How do I choose the right electric charging card?
That's it, you've taken the plunge and bought an electric or plug-in hybrid vehicle. Wherever possible, you've installed a charging point at home so that you can recharge at night. But when you're out and about, you'll inevitably need to recharge your electric car at a public charging point. That's why it's essential to choose an electric charging card so you can remain autonomous on the road. The best electric card is the one that suits your habits and the use you make of your vehicle: short daily journeys, long distances, holidays, trips in France and Europe. Charging rates, a network of public charging points, a card with or without an annual subscription... we explain everything you need to know to make the most of the pleasure of travelling electric.
From the boom in electric mobility to the development of recharging networks
ADEME confirms that the growth in the electrification of the French car fleet is an asset for achieving the objectives of carbon neutrality by 2050. Despite certain assertions, the impact of an electric vehicle is two to three times less than that of a combustion vehicle of the same size, despite the carbon debt caused by its manufacture and that of its batteries.
According to ADEME, if we add its final energy efficiency, 33% compared with less than 20% for a combustion engine car, the electric car is a real asset for the decarbonisation of mobility. A study carried out by RTE and Enedis confirms this craze: the number of electric cars should exceed 15 million in France by 2035.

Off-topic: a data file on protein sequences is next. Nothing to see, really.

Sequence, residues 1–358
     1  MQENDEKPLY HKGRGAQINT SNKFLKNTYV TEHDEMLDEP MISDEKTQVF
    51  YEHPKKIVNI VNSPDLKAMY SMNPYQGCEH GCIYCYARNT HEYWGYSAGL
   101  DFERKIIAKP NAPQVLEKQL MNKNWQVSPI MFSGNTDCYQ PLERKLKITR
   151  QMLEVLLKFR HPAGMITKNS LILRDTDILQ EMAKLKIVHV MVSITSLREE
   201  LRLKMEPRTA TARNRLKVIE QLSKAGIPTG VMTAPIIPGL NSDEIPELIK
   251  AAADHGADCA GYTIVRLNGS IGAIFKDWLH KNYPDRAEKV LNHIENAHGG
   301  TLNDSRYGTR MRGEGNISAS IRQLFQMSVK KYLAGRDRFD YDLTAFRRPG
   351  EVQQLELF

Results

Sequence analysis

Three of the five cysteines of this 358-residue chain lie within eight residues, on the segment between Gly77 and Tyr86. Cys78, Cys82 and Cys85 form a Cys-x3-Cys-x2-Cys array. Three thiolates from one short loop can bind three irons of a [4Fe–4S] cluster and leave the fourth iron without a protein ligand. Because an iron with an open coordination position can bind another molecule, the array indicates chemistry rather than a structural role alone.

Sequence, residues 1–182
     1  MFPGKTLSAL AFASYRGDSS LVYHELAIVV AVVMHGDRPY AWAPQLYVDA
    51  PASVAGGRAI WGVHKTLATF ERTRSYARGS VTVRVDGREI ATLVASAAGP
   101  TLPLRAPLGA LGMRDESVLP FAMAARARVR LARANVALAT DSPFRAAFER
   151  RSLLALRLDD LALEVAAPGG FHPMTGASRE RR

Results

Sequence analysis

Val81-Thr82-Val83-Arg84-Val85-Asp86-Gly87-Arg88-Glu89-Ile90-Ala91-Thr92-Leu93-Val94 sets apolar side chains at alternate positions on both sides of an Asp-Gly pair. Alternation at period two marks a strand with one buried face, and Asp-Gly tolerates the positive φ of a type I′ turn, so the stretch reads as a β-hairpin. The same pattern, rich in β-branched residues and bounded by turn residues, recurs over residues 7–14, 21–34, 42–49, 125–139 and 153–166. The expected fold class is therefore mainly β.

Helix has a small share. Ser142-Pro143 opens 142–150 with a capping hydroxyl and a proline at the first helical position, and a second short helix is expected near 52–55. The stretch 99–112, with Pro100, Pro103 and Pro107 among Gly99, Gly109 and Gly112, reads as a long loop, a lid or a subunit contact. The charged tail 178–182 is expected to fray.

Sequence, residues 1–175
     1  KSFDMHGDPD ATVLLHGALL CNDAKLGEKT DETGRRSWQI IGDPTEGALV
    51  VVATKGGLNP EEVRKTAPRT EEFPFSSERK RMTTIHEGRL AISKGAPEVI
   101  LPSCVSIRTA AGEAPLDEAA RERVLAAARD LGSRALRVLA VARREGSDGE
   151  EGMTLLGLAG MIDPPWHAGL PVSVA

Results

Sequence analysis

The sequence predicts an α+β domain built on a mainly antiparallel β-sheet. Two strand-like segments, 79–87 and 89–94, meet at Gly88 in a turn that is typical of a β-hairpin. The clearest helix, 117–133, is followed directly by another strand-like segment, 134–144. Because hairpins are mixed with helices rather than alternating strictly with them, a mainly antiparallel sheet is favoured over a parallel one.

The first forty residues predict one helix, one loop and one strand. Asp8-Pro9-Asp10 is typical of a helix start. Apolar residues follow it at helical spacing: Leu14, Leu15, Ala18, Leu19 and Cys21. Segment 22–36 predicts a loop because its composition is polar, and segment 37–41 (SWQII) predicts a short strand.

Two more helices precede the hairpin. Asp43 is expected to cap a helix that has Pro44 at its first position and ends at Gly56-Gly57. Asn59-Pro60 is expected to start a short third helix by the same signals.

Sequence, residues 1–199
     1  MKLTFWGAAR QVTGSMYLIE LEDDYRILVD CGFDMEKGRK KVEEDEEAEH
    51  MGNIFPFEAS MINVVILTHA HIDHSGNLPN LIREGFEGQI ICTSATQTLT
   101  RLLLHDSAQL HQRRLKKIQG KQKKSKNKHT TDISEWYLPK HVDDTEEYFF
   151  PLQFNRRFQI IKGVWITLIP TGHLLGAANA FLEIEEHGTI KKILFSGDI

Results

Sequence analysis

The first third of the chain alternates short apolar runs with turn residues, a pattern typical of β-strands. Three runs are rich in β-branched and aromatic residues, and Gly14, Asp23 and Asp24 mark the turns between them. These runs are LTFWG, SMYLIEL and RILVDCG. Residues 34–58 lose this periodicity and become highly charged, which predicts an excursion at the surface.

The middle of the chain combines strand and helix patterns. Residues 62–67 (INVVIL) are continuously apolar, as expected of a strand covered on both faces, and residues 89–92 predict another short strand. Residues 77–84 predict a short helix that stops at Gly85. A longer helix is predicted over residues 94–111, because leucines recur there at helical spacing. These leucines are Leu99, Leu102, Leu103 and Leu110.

But what about the electric charging infrastructure? While 90% of users recharge their cars at home or at their place of work over a long period of time (overnight or during the working day), it is nonetheless essential to have easy access to a network of charging points on public roads if we are to make a success of the energy transition and reduce transport-related CO2 emissions. And despite a slight delay in the start-up of the roll-out compared with the target set by France, the number of 100,000 charging points installed should be reached by 2023, according to figures published by the French Competition Authority.
This makes France the third most equipped country in Europe, behind the Netherlands and Germany, which account for half of all charging points. And the electric recharging network is gradually expanding wherever private cars are used: on roads and motorways, in public car parks and residential garages, and right up to the gates of supermarkets and shopping centres.
With Fulli, finding your electric recharging solution is no longer a headache
Did you know that in 90% of cases, public electric charging points do not accept bank cards? So choosing an electric charging card is a must. This is an RFID card that you scan at the charging point.
Here are the 5 criteria to measure to make the right choice:
- Accessibility of the recharging card to several networks: the aim is to have access to as many recharging points as possible so that it is easy to fill up with energy and there is no need to multiply the number of electric recharging cards. The main operators are: AVIA, BP, Certas Energy Esso, Engie, e-Vadea Spie, Fastned, Ionity, Tesla, Total Energies, Powerdot, Electra, Stations-E, Allego, Driveco...
Rates charged by card operators: there are many top-up networks, and operators' rates vary widely and are applied differently depending on the power delivered, per kWh, per minute, a combination of the two or a flat rate (see explanation below).
Annual or one-off subscription: it all depends on your recharging needs. You should be aware that each time you top up, a commission will be charged on top of the cost of the energy, which varies from one operator to another.